I still quite like this passage. It’s descriptive, it touches on all five senses, and I like the alliteration at the end. It took me bloody hours to write, re-write and edit to get it sounding halfway decent. But if you look for it in my book, you won’t find it. Why? Well, for a start it’s not as good as the rose coloured specs I viewed it through after working and re-working it for so long led me to believe. But as important as this, it’s because it doesn’t add meaning to the story, it doesn’t further the plot, and it doesn’t reveal anything more about the characters than the reader already knows.

What it does, however, is to slow down the narrative: not a good thing for a wanna-be page-turning thriller. Readers wouldn’t be happy – and if they’re not happy they won’t recommend it. To have kept that passage in would have been plain bad business sense, which is why it, and countless others that were pretty and had been time consuming to write but were pure self-indulgence on my part, had to go.

‘Murder your darlings’, as Sir Arthur Quiller-Couch famously said (or, was it Nabakov, or Fitzgerald, or Faulkner, or Stephen King?). This is sound advice that we writers should not forget. So don’t ‘um’ and ‘ah’ about cutting your favourite phrases, sentences, paragraphs, sections, or even chapters. If they don’t pass the acid test press the ‘delete’ key.

And remember, the underlying purpose isn’t to reduce the word count or to cut out words that don’t further the plot, those reasons are window dressing. The bottom line is, if you don’t do it, you will limit your readership, and considering all the time and effort you’ve put into writing your book that would be a crying shame.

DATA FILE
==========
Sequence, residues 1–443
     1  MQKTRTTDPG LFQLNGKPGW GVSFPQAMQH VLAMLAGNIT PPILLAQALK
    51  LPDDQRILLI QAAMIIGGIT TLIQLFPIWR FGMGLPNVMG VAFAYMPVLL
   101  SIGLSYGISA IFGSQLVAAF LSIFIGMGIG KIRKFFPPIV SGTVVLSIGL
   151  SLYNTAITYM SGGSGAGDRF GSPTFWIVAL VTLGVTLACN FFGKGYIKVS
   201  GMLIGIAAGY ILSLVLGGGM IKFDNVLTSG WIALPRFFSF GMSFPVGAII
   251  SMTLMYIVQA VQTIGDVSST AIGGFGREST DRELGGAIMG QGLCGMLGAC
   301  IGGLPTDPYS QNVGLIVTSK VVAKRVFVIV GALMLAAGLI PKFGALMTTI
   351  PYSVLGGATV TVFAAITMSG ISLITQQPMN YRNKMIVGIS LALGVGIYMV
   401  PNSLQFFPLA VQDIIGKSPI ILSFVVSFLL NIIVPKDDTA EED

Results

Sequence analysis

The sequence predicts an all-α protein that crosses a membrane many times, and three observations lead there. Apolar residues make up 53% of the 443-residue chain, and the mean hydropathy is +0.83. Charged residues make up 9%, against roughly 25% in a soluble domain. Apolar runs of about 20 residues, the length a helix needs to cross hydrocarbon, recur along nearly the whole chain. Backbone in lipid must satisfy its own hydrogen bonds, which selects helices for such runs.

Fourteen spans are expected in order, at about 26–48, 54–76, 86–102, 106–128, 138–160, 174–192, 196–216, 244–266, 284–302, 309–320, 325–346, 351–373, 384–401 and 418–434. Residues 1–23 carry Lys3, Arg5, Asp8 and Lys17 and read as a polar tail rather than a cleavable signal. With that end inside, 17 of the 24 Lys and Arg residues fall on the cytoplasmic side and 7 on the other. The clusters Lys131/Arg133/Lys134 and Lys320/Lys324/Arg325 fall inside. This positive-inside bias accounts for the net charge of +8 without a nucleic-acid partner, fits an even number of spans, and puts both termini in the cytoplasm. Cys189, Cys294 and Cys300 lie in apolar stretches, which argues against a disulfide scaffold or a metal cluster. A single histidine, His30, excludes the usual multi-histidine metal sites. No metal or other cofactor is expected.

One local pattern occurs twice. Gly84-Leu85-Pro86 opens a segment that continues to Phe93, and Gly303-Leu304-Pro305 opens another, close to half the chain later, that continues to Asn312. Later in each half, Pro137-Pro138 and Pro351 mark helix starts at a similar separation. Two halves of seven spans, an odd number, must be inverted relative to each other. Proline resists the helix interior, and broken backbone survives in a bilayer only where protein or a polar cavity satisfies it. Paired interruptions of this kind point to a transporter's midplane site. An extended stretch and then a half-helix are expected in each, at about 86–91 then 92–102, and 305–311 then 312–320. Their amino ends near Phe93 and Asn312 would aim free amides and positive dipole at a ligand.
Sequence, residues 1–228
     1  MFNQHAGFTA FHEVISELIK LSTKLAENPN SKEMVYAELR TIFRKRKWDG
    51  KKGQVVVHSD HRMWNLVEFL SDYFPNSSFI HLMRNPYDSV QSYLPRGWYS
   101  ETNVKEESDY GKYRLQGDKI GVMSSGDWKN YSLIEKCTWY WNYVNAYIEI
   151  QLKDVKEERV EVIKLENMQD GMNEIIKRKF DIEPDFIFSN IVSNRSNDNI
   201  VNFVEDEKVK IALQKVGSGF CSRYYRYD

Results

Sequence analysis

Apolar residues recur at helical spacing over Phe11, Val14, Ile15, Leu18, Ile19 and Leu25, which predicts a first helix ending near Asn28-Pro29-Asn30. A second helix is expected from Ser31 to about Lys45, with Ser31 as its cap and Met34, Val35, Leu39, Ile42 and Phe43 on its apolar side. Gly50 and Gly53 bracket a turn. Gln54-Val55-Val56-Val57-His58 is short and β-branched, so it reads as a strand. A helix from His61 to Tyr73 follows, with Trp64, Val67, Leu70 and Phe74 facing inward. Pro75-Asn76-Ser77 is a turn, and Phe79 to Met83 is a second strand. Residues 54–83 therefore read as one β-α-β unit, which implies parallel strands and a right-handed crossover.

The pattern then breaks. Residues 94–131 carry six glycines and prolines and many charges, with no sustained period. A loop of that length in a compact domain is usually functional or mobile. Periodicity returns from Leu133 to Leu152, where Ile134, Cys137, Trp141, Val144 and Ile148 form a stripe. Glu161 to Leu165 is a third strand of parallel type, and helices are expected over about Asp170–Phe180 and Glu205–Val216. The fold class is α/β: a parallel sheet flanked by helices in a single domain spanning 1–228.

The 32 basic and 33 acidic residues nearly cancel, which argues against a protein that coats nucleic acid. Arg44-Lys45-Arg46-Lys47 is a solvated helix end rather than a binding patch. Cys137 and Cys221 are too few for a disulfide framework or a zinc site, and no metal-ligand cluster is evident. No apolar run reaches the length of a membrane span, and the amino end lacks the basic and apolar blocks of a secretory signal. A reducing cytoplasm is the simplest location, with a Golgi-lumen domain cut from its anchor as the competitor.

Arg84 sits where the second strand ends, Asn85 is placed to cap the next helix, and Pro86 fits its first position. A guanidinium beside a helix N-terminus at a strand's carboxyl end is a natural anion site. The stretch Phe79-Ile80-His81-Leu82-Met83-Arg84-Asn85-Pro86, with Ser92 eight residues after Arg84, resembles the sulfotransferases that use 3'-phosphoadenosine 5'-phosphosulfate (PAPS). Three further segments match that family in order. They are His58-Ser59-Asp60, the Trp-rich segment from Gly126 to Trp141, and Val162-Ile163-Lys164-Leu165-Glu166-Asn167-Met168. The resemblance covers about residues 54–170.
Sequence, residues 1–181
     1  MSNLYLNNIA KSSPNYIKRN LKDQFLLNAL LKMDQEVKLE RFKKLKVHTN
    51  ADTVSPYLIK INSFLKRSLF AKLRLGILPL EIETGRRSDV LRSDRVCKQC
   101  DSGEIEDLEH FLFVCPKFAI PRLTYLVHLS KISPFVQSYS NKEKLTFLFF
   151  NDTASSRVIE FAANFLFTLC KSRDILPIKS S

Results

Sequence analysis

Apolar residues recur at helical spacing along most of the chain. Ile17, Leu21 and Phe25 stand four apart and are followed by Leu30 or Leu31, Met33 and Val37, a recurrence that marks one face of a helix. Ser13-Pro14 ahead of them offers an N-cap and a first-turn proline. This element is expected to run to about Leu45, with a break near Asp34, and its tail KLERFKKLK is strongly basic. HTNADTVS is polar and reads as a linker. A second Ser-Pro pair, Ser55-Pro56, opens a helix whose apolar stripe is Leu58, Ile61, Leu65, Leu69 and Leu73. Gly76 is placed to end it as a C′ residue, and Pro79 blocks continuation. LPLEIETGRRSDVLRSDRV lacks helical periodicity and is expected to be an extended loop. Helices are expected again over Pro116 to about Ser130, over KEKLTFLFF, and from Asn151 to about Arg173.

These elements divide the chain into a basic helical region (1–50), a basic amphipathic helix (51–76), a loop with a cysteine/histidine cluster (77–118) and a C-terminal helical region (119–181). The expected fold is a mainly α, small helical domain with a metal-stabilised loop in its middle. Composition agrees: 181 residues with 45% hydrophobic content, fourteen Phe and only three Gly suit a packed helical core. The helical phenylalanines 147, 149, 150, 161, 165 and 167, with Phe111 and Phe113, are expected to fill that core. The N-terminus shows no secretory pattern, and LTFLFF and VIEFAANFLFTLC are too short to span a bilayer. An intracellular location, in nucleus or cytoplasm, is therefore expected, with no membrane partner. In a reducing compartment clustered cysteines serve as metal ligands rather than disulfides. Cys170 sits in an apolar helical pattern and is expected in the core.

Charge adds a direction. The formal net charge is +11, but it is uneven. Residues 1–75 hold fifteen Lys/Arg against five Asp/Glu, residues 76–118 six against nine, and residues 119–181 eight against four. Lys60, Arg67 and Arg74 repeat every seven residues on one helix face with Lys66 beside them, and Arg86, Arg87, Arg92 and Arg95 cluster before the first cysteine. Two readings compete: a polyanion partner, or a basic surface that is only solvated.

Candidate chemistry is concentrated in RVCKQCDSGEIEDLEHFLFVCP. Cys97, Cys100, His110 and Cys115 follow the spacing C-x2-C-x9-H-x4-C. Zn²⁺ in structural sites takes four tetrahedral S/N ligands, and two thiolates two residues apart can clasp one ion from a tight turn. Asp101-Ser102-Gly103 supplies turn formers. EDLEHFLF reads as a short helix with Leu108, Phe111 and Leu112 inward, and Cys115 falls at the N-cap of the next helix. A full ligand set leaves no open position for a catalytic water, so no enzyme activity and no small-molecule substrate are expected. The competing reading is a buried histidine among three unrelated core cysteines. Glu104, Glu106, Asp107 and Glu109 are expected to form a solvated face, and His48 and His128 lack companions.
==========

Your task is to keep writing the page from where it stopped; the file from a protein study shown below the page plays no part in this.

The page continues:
Writing is a business.


J M Leitch was born just outside London, England, and moved to Asia where she’s lived half her life. She now spends her time between Singapore, Assam in North East India, Bali in Indonesia and the UK. She published my first novel in 2011, The Zul Enigma (www.thezulenigma.com).

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16 thoughts on “Writing is a Business”

  1. If I can’t manage to be that brutally honest with myself, luckily enough, I have an editor in whom I trust and can take that kind blunt, rectitude from; so much so I married her.

    Excellent post, JM.

  2. I have a huge folder on my hard drive called ‘Outtakes’. I’ve only re-used a few short paragraphs out of all that verbiage but they made keeping the rest worthwhile. It’s also nice to go on a nostalgia trip every now and then. 🙂

    1. I wish I’d done that earlier. A friend told me that with MS Word one could compare two documents, so I thought I’d do that after I did my BIG ruthless edit… but for some reason I couldn’t get it to work! That will teach me to think!

  3. Very good article.
    I just threw out four great scenes in my last book, and like you, I am now wishing I had kept them as out takes. Why didn’t I use my brain?
    Good luck with the writing. 🙂

    1. I seem to have missed replying!! So sorry. But a very belated thank you for your comment, ladies. (Although I have a vague feeling that perhaps I did reply somewhere else? Twitter perhaps. Is that even possible?!

  4. Having sat in your beautiful Bali garden while you were writing – I identify with your descriptions and hours of writing. Thanks for the tips in your article,I will pass them onto Tia my 12 year old grandaughter, who is writing her first novel.